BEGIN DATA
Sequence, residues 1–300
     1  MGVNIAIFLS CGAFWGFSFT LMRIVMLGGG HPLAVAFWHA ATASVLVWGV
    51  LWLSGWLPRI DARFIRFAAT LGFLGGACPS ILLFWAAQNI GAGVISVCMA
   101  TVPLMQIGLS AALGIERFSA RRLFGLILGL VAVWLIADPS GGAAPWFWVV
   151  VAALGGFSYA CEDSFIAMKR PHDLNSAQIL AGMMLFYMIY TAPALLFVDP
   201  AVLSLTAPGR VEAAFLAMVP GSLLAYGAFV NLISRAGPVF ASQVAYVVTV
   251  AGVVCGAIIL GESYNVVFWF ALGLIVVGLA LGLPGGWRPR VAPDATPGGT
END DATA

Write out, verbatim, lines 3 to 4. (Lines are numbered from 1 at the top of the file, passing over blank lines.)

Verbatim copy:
    51  LWLSGWLPRI DARFIRFAAT LGFLGGACPS ILLFWAAQNI GAGVISVCMA
   101  TVPLMQIGLS AALGIERFSA RRLFGLILGL VAVWLIADPS GGAAPWFWVV